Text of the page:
Houzz Contributor, Elen Pouhaer
When a family took up residence in this typical Provençal country house just outside Aix-en-Provence, France, the neglected garden was no more than an undeveloped field. To design the grounds, the owners called in landscape architect Thomas Gentilini. “When the couple contacted me, the house had been built four years earlier. Together, we developed a plan for the outdoor spaces and opted for Mediterranean plants to preserve the soul of the region as much as possible,” Gentilini says.
Garden at a Glance
Who lives here: A couple with children
Location: A village next to Aix-en-Provence, France
Size: 75,347 square feet (7,000 square meters)
Project length: Four months
Landscape architect: Thomas Gentilini
The starting point of the project was a water-saving garden requiring little maintenance and honoring the spirit of the countryside. It was inspired by the interior Provençal landscape rather than the gardens of the French Riviera. Gentilini designed the whole project with the couple — from the gardens to the swimming pool to the paths.
“An expert built the basin according to our plans. Then we figured out the decorations around the swimming pool, the stone walls and stairs, and all the green spaces. The owners liked some of my creations in Gordes and Aix-en-Provence, and wanted to re-create the same kind of atmosphere at their place. So we imagined how the exterior spaces could remind them of the origins of the Mediterranean gardens of rural houses,” Gentilini says.
“In the 17th century, the Italian gardens flourished,” Gentilini says. “Built on terraces, these kinds of gardens were decorated with pottery and sculptures. Stairs connected the terraces, each of which presented a different atmosphere.
“Under Napoleon III, English landscape gardens appeared all over France, especially in the south, where many English used to have their vacation homes,” Gentilini says. “Little by little, Italian and English gardens merged and gave birth to the Mediterranean gardens as we know them today.”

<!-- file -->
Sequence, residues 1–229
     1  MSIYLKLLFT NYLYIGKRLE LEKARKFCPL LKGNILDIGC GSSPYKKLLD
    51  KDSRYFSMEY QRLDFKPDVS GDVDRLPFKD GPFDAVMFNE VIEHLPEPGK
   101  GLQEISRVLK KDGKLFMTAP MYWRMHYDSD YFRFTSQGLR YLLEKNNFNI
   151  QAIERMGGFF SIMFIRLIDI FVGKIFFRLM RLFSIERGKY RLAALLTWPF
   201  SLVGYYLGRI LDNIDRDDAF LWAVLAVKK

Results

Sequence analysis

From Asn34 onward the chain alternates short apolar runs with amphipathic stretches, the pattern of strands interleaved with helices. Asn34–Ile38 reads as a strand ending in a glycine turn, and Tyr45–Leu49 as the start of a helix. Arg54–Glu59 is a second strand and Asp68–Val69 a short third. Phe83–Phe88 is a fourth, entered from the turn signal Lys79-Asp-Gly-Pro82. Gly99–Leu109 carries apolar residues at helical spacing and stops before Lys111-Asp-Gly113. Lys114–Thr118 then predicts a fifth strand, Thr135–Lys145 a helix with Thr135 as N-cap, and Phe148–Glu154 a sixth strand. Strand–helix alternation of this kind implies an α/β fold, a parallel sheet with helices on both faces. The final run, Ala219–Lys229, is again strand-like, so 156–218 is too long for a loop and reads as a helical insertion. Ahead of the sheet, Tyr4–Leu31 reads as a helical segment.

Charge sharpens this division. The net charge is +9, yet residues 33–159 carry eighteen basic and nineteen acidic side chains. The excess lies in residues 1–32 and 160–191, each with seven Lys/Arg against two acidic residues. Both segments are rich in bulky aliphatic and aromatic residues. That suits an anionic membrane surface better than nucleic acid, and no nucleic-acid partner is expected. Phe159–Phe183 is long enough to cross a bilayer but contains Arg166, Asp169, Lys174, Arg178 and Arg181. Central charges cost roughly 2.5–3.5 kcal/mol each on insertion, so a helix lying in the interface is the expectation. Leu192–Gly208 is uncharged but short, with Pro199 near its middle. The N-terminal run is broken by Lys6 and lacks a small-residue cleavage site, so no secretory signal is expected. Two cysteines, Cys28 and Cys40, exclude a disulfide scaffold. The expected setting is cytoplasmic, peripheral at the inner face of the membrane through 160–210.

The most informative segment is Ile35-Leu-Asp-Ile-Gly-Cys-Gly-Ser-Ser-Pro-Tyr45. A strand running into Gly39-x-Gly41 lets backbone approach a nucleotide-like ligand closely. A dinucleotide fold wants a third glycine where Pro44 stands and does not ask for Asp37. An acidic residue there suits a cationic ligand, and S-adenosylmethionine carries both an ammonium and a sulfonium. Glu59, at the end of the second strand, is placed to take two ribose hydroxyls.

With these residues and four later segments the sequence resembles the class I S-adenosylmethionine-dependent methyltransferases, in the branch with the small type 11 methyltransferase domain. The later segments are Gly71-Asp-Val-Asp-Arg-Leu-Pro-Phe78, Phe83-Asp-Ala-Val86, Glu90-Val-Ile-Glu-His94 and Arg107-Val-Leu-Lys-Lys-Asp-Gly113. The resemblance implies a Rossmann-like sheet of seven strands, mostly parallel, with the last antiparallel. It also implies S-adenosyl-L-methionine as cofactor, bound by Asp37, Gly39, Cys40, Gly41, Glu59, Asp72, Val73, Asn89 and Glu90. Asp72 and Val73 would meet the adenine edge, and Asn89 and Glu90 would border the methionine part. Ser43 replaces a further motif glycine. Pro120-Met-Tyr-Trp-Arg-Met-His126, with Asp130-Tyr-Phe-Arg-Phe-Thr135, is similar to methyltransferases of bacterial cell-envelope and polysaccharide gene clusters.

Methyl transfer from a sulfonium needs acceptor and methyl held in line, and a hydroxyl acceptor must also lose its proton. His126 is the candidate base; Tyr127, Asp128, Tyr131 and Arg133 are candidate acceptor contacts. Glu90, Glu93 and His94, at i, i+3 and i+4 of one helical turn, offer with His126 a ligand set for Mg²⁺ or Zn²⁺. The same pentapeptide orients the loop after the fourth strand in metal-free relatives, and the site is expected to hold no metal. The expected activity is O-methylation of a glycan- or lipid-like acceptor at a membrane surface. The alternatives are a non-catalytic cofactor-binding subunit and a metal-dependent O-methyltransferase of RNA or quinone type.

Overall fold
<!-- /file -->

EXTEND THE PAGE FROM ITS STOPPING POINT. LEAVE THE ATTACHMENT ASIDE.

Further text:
A small stone building contains the equipment for the swimming pool. On the other side of the swimming area is a pool house, which includes a summer kitchen.
Around a dovecote are blooming strawberry trees, pomegranate trees, flowering perennials such as erigeron and other plants typical of the Mediterranean region.
The preparation of the soil was the most difficult part of the project. The poor clay soil needed much work to become fertile ground.
In front of the house, a circular flower bed divided in sections creates an axis of symmetry. Here bloom many white ‘Iceberg’ roses, along with boxwood, shrubby germander, white valerian and Tuscan cypresses, which give rhythm to the space.
On the left, a covered terrace houses a dining area with a view of the garden. At the base of the stone pillars, aromatic herbs — mint, savory, marjoram — grow alongside a climbing ‘Pierre de Ronsard’ rose. Under the awning, potted citrus trees brighten the convivial space.
The swimming pool, bordered by deck chairs, is situated on a lower level from the house. An olive grove facing the pool contributes to the rural spirit of the garden.
The staircase leading to the pool and the walls that surround it are made of stones from the villages of Gordes and Bonnieux, which are widely used in the region.
The northern part of the house has a fountain decorated with a Dionysus head and volutes made by a stonecutter friend of the owners. Here, several rooms overlook a shaded garden, and from their windows, one can admire Tuscan cypresses, camellias, pink hydrangeas, boxwood and lavender.
To cover the ground, especially the paths, the owners opted for naturally stabilized limestone sand for authentic Provençal style, and yellow Bellegarde rolled gravel, which is typical of southern France.
Header Photo credits: Thomas Gentilini, original photos on Houzz